Review: Rapture #1
On a scarred landscape, two otherworldly armies prepare to battle one last time, vying for control of a massive tower named from an ancient language no longer permitted to be spoken.
One army is led by a primeval force named Babel, whose goal is singular: to breach “Heaven” no matter the cost. The only thing standing in his way is a gray-haired barbaric warrior, filled with rage and regret, a man who sees this battle as his last chance for redemption. But he knows his depleted forces have little chance of victory unless aid comes.
Enter Tama: A 12-year old girl on the crest of a hill overlooking the battle, who has just become humanity’s only hope. The last in an ancient line of mystics who protect the Earth, she has foreseen this battle and knows millions will perish if she’s unable to stop it. Now Tama and her ragtag team of malcontents – Ninjak, Shadowman and Punk Mambo – must somehow defeat an elder god hell bent on piercing the heavens.
Continuing on from Matt Kindt‘s run on the recently concluded Ninjak, Rapture #1 sees the return of Tama the Geomancer from the seminal Book Of Death miniseries from a few years ago. Although it’ll likely help if you have some familiarity with Ninjak and Shadowman, for this issue at least, it won’t hamper your enjoyment of the story if you’re picking this up purely because of the numbering.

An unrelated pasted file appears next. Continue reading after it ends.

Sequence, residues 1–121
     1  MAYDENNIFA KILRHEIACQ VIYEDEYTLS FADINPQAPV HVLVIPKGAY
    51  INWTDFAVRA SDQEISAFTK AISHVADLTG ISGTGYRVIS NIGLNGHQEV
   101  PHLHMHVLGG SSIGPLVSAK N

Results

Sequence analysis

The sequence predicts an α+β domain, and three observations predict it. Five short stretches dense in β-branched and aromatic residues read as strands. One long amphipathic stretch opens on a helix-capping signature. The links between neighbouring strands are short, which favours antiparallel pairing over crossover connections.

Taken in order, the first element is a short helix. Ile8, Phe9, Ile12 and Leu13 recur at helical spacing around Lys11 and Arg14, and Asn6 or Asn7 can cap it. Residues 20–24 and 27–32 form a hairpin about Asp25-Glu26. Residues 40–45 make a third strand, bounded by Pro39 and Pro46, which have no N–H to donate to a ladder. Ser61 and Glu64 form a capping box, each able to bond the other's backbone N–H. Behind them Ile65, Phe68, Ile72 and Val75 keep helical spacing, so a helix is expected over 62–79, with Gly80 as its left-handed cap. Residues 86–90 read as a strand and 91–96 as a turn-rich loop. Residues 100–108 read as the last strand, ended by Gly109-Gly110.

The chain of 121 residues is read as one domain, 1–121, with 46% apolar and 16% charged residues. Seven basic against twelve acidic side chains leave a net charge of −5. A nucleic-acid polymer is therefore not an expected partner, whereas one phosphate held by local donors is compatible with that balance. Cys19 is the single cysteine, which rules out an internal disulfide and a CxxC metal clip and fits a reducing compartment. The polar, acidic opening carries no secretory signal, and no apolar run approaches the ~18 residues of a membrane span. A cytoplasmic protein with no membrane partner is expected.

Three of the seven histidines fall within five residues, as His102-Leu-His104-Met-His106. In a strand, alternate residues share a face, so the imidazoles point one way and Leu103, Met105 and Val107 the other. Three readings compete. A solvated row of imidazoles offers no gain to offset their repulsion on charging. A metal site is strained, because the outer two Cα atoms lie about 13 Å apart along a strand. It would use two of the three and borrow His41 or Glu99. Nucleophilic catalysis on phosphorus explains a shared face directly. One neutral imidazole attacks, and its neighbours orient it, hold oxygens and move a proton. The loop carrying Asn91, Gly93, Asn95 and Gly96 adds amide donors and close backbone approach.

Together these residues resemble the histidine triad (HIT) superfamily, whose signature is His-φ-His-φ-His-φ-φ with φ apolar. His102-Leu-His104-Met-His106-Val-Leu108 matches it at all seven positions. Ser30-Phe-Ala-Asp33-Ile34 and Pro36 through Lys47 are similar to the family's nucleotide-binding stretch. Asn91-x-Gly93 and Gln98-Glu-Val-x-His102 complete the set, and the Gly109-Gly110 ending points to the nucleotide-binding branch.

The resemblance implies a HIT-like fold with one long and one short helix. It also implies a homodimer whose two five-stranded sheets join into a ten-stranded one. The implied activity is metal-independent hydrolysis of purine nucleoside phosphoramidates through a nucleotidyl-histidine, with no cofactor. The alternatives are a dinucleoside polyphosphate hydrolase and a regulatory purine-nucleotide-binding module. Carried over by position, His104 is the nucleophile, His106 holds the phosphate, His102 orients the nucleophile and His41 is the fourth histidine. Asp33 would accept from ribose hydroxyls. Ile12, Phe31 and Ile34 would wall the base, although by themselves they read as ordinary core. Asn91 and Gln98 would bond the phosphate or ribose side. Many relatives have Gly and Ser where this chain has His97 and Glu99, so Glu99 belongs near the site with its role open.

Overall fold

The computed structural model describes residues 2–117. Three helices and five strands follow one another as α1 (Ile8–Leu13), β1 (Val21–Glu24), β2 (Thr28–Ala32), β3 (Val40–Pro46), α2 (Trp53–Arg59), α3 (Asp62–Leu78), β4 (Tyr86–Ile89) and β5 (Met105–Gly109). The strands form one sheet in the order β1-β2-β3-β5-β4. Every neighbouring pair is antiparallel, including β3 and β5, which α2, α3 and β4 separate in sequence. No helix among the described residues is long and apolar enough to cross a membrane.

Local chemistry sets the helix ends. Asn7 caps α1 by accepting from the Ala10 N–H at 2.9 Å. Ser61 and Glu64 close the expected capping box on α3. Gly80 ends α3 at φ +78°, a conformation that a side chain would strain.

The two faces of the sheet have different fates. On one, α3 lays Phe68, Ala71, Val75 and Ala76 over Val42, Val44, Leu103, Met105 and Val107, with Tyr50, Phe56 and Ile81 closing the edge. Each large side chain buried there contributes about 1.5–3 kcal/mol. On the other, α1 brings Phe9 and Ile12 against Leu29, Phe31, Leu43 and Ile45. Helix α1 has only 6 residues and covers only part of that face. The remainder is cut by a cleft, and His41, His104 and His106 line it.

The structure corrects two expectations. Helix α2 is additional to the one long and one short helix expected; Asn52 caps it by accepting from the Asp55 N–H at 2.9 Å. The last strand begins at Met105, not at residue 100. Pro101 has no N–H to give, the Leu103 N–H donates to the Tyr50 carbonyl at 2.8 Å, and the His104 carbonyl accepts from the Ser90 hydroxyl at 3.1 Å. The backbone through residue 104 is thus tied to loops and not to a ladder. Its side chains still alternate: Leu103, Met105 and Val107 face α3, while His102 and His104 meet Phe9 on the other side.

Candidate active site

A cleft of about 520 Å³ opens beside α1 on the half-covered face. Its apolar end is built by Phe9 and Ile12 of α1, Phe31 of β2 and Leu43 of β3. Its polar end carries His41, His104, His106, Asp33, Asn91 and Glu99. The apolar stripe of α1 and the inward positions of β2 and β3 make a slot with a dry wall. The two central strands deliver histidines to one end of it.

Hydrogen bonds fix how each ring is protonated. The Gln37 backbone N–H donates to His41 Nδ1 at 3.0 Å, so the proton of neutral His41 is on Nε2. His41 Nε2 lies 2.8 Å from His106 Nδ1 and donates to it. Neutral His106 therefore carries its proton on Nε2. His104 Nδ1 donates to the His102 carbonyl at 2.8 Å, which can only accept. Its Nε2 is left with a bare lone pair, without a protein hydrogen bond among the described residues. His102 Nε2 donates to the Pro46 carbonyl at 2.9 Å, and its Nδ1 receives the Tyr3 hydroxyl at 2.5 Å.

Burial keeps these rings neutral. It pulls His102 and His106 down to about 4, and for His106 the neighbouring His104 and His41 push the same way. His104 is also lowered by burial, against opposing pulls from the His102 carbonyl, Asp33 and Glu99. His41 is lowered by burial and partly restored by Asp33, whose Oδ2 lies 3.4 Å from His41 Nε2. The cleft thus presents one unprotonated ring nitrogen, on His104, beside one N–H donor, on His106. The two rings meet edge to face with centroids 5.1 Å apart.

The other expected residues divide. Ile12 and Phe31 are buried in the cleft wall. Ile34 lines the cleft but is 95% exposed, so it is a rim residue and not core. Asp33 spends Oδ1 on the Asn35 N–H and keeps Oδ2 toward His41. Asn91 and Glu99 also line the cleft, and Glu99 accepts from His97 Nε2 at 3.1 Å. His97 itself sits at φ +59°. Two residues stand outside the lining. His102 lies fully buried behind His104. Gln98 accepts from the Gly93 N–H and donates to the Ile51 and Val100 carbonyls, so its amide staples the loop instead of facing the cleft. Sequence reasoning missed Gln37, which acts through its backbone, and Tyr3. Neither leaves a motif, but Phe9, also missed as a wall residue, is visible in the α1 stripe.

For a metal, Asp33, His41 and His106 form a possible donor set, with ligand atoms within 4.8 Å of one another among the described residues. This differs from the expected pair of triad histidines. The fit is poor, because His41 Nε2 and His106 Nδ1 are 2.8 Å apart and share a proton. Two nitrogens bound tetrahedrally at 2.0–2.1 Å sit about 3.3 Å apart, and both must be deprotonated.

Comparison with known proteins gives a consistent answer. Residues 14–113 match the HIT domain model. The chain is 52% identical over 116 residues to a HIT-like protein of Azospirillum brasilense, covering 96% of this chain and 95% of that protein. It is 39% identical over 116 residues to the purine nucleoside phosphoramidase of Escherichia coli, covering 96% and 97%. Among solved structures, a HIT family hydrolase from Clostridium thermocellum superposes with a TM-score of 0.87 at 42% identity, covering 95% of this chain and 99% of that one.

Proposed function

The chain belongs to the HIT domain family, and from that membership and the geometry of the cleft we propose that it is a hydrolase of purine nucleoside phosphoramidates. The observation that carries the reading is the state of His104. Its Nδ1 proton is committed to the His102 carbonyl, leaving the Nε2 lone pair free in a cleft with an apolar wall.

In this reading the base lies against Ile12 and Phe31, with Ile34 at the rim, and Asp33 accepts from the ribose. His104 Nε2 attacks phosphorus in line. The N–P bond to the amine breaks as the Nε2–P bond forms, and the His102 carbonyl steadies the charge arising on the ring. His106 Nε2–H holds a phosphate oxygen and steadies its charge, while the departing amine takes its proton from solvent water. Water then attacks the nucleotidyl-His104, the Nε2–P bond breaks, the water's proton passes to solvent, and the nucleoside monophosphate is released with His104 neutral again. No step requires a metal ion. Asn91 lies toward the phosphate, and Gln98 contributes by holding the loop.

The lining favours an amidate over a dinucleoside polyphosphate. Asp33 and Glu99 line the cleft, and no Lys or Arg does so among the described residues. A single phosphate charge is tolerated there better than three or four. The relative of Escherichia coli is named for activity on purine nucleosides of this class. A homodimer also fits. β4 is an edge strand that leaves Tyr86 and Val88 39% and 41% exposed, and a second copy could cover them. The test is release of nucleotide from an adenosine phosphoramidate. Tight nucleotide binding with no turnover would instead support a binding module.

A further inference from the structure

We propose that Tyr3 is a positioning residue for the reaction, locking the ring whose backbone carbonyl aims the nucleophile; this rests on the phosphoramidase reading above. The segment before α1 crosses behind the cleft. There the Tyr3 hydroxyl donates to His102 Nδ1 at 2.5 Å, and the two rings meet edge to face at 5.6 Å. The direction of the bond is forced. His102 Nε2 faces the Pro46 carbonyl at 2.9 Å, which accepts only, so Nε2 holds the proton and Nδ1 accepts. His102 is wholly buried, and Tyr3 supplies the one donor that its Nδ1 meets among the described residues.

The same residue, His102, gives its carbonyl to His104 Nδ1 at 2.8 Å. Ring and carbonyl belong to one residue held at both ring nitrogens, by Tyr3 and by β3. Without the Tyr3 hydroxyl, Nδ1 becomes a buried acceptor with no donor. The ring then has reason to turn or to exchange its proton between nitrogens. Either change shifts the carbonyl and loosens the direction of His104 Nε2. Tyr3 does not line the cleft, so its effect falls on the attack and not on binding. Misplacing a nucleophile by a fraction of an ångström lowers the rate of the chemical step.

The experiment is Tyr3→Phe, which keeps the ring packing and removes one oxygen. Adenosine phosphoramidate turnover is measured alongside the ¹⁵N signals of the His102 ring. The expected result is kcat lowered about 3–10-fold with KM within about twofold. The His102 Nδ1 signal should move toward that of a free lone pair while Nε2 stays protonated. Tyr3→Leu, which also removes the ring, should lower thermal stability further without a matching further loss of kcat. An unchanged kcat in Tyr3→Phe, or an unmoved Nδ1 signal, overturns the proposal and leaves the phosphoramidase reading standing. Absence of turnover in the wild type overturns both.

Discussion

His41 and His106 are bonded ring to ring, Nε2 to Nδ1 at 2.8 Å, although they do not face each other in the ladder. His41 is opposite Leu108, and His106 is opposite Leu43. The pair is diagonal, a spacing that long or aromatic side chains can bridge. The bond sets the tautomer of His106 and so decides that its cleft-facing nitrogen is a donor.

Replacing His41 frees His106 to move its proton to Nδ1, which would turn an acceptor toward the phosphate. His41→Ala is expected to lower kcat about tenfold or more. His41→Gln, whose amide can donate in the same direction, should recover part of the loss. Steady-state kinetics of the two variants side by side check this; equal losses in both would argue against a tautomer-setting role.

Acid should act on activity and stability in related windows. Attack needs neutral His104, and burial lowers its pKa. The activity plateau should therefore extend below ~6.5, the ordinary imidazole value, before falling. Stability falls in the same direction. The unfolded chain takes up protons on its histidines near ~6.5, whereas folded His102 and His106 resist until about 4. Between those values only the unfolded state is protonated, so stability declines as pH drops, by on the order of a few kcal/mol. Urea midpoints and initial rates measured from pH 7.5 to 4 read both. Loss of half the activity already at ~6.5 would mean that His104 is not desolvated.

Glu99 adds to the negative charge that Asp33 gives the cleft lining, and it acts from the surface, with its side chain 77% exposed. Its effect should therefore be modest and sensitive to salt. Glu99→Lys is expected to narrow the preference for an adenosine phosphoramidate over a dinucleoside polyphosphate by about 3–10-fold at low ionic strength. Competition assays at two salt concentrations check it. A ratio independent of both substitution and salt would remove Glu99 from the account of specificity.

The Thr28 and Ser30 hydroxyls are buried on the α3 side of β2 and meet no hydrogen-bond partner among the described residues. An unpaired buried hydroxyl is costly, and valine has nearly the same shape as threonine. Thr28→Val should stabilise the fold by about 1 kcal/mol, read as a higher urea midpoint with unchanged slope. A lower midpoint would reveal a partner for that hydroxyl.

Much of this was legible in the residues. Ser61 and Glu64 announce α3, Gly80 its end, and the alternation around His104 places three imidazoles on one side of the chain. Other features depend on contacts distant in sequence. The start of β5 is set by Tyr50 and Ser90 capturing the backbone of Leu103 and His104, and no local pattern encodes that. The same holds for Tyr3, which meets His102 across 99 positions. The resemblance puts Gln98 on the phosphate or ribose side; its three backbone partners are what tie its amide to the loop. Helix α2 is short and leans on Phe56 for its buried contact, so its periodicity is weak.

I mean, honestly, who doesn’t like a first issue?
Rapture #1 sets the stage for the story largely from Tama’s point of view, which allows readers to get reacquainted with the Geomancer as she explains why she needs Ninjak, Punk Mambo, and Shadowman. And does she explain… One of the surprising reasons I am so taken with the series already is the way that Kindt peppers in some lighter moments that I probably found funnier than they were intended to be. I say surprising reasons because I genuinely wasn’t expecting to find the comic funny. Obviously I hoped I’d like it, but I never expected to laugh.
Cafu provides typical Cafu art here, and that is to say that the art is brilliant.
There’s brilliant distinction between the Deadside and our world such that even if you’re unfamiliar with the differences between the two you’ll be able to easily identify the two from the visual cues. I have no holes to pick, and no complaints about this issue.
This is the second comic from Valiant that I’ve read this week, and it’s also a blinder.
Story: Matt Kindt Art: Cafu Colours: Andrew Dalhouse Letterer: Dave Sharpe
Story: 9.5 Art: 9.0 Overall: 9.5 Recommendation: Buy
Valiant provided a FREE copy for review, but I read the physical copy I purchased from my LCS.